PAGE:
Also speaking at the conference, Michelle Cui, Founder and CEO of Rosedale International Education, noted she believes these five focus areas of pedagogy, curricula, teaching, schools, and education in all times and spaces deeply match her four tenets of a well-rounded education: exposure, respect, empowerment and ownership. Reflecting on her own K-12 and early university experiences, she felt a deep mismatch between the learning she received and her own interests through a traditional education stream—and that receiving an education, instead of being an active participant, will not benefit future learners or future leaders. As learners take ownership of an education that is connected to their interests and desires, they  develop their mindset, as well as knowledge and skills, that better support them to set and achieve goals that lead to a fulfilling life. Ms. Cui notes that a well-rounded education is comprised of four tenets: 

  1. Exposure: Education needs to provide young learners opportunities to experience a world that is bigger than what they see around them. Exposure and exploration help young learners visualize what they want for their own lives, what role they can play in a globally connected world, and develop an inner drive for life-long learning. Exposure also helps build understanding—understanding different perspectives, diversity, context—understanding drives empathy and collaboration, leading to solutions that resolve world issues.  
  2. Respect: Education must respect individual learners as a unique entity and value individual learning styles, interests and desires. We must acknowledge that each learner has strengths and merits, and understand their limitations in order to differentiate teaching and learning that is suitable to each learner, and creates an asset-based educational pathway and individualized growth plan, so students can connect learning to the career, and other aspirations, they developed through exposure.   
  3. Empowerment: Students need to be equipped with the discipline, interdisciplinary knowledge and higher order thinking skills that go beyond knowledge acquisition and simple application. It’s critical for school education to inspire students and develop their capabilities through analyzing complex problems, creating innovative solutions, and designing new approaches to solve real-world problems—to become a designer of a prosperous economic and social future world.  
  4. Ownership: When students take ownership of their learning and lives, their individuality is respected and encouraged, and they are empowered to advance their goals on their terms. Education should reflect a collaboration among students, schools and families, centred on student choice.  

Exposure, respect, empowerment and ownership are the rationale of Rosedale’s Transformative Approach to Learning, which is the guiding principle of development of education solutions, programs, and services at Rosedale.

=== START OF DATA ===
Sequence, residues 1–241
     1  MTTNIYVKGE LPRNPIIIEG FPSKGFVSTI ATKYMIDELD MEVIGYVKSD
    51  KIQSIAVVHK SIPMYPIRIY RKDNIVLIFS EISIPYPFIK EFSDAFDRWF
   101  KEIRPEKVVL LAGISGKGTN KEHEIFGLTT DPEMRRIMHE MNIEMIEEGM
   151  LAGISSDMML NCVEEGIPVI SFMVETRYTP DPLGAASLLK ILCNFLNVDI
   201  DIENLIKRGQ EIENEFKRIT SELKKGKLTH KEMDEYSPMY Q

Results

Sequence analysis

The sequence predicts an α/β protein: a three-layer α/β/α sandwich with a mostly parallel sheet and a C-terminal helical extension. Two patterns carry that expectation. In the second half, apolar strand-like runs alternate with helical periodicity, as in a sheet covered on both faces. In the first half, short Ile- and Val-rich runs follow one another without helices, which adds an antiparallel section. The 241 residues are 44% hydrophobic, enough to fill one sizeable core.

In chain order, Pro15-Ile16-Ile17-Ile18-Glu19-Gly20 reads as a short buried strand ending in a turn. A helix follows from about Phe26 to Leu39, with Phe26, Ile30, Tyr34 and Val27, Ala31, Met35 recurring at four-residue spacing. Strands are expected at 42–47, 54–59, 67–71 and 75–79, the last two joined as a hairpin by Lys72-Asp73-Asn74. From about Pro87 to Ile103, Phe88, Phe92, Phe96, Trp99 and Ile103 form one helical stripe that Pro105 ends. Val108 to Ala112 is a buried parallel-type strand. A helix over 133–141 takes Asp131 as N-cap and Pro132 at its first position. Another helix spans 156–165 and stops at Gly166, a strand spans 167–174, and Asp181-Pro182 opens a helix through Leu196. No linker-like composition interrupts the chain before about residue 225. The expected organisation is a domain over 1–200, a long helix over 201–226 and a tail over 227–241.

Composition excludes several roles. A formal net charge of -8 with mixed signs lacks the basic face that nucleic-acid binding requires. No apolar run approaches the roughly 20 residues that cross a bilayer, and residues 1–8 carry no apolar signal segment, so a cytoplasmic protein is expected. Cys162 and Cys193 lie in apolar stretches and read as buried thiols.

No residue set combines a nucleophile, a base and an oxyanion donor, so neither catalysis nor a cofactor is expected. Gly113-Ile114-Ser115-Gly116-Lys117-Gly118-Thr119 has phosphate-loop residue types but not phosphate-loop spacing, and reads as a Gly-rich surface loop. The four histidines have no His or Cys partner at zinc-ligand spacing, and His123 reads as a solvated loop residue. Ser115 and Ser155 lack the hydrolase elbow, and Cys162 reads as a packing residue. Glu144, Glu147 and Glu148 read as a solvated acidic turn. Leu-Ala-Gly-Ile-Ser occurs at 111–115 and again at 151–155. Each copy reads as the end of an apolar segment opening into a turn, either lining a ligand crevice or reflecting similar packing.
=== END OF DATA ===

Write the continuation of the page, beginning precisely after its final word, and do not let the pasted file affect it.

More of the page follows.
Ms. Cui says, “We must not simply make more new requests to our teachers and school leaders, but instead, we advocate more sector players to join Rosedale in building infrastructure and supporting systems that empower and equip teachers and school leaders with quality educational assets, advanced technology, learning analytics, and management tools. Our teachers and school leaders must be well-supported with more bandwidth and instruments to prepare each student with an individual learning strategy and pathway to success. As global educators, we must ensure all learners flourish.” 

Embracing and engaging change in global education 

UNESCO and Rosedale International Education have a collaborative goal to promote and enhance collaboration in the education sector, promote continuous development, and ensure sustainable growth in global education—for every learner. 

Dr. Chakroun says, “I believe we have reason to be full of hope…we are at the point in our collective history where we have the greatest access ever to knowledge and tools that enable us to collaborate. The potential for engaging humanity in creating better futures together has never been greater. The pandemic was an opportunity for creativity, innovation and solidarity—including in education. We all witnessed how teachers and school leaders worked to reach out to their students leveraging a mix of technologies. We have seen cooperation among teachers, learners and parents. We have seen local, national, regional and global expressions and actions of solidarity. To make this happen, this requires policy commitment, leadership, partnerships and systems that are able to offer lifelong learning opportunities for all—and all means all.” 

Hear Dr. Chakroun’s full address to the Global Education Summit delegates by visiting our Global Education Summit webpage or watching on YouTube by clicking the button below.